Jail construction still on schedule despite recent snow
Outside, mud is still frozen and exterior work is temporarily on hold as a winter chill persists.
Inside, the lights are on and mercifully so is the heating system as workers continue to chip away at completion of the Crook County Jail.
Construction work continued during a recent spate of snowstorms that dumped around two feet of snow in Prineville.
"It slowed everything down on the interior for about a week," recalls the project's superintendent, Roger Snow, "and the exterior, we haven't really started again yet."
But the weather didn't knock the project much off schedule. Completion of the building is still targeted for April 30, and at that point, county law enforcement is expected to take over interior of the building.
"There will be a transition of a couple months of training," said Crook County Commissioner Brian Barney, who serves as the public safety liaison. "We will still be doing a few (construction) odds and ends, and they will be running drills and learning the systems."
Inmates are expected to be moved into the facility in July.
Construction of the new 76-bed, $17 million jail began toward the end of August 2017. Long-awaited by residents and local leaders who grew frustrated by lacking jail space, the project was made possible with the passage of a tax bond in late 2016.
With about six weeks remaining until the scheduled completion date, much of the jail interior is taking shape. Walls and fixtures are in place throughout the administration portion of the building as well as the laundry and kitchen areas. Jail cells are at various stages of completion with some awaiting paint and others already sporting a metal toilet and sink.
The second-floor command center, where jail staff will keep watch over the facility through large windows on each side of the room, is built and awaiting finish work, and wood panels fill the window spaces.
Though many different aspects of building construction remain, such as painting, installing plumbing fixtures and finish work, Snow says that the most of the remaining work will involve security and electronics. He has personally never worked on a project with the level of electronics the new jail will feature.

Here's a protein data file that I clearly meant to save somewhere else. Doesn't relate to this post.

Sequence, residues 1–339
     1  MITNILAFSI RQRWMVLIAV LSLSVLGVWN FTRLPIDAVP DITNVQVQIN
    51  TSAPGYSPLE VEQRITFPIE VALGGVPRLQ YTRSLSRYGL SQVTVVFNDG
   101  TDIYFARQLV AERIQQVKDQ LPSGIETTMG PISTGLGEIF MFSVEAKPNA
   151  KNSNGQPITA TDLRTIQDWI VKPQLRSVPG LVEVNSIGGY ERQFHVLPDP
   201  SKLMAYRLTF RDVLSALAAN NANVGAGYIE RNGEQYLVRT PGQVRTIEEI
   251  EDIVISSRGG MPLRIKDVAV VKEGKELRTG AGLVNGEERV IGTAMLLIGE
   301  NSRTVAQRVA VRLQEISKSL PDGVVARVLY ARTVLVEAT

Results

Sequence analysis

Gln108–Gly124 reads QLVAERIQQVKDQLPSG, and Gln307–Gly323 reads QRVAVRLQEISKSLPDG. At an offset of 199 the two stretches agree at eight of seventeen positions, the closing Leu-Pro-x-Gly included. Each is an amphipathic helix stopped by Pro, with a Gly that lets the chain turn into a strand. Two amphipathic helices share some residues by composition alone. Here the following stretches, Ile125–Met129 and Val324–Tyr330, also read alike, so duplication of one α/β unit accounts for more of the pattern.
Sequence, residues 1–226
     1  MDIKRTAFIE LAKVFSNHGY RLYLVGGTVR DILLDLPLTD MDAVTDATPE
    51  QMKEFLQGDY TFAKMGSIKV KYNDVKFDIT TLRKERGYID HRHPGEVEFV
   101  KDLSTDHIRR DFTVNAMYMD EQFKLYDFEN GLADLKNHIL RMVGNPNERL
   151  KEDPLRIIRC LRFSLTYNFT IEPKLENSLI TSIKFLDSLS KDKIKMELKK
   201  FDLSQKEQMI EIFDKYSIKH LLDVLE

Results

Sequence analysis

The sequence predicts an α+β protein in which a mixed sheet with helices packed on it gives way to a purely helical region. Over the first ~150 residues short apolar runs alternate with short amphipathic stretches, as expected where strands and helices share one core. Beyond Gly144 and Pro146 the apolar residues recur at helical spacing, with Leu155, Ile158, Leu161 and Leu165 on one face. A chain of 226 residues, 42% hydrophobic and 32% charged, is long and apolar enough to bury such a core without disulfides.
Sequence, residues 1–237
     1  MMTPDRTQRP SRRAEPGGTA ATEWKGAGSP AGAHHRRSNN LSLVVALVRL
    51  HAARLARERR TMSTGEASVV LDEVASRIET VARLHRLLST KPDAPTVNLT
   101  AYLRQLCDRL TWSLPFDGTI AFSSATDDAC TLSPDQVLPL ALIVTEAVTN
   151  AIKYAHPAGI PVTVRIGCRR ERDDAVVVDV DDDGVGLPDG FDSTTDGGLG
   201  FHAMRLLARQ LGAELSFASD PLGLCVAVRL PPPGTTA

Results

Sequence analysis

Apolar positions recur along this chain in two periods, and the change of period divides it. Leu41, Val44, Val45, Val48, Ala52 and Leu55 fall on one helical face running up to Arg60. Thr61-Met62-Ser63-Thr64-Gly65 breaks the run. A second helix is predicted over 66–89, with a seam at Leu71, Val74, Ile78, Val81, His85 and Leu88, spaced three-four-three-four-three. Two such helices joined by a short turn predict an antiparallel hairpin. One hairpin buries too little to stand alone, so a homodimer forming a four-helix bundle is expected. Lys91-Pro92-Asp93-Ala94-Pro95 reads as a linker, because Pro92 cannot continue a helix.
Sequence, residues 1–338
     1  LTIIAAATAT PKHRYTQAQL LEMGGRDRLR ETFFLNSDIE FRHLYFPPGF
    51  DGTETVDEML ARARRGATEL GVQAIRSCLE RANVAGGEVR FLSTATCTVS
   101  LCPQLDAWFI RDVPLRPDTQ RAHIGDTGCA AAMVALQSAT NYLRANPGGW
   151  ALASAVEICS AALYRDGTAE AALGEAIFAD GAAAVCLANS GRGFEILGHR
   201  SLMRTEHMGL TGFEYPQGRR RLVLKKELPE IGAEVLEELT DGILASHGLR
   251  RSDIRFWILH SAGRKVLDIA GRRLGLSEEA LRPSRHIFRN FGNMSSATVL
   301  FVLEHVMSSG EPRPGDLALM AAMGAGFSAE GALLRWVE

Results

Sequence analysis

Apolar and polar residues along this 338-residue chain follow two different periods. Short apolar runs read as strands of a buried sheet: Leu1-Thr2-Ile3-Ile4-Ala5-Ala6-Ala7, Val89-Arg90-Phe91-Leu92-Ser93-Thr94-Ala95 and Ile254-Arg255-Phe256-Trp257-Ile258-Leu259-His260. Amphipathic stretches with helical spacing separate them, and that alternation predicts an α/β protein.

"This is extensive. It's very high tech," he said. "Everything is digital in this building. Everything is controlled — the water, the electrical, the HVAC system. It's a very high-tech building."
Barney added that the county recently sent a team of law enforcement personnel out of town to review the electronics systems and receive training on them and learn how they will be set up in the local jail.
"It's way beyond anything we have ever had and frankly, it's way beyond what a lot of people have," he said.
At some point after completion of the facility, Barney said that local leaders hope to show the long-awaited jail to the public. He and Crook County Sheriff John Gautney and others have been working on a plan that may include opening the building up for multiple group tours.
Until that time comes, buzz has been building. Snow said with most construction projects, he tends to mostly field complaints about noise or other disruptions, but that has not been the case on this one.
"Most of them are saying it's much needed," he remarked.
With the end in sight, Barney is pleased to see how far construction has come, and he will happy to see the completed product in the not-too-distant future.
"It has been a great project," he said.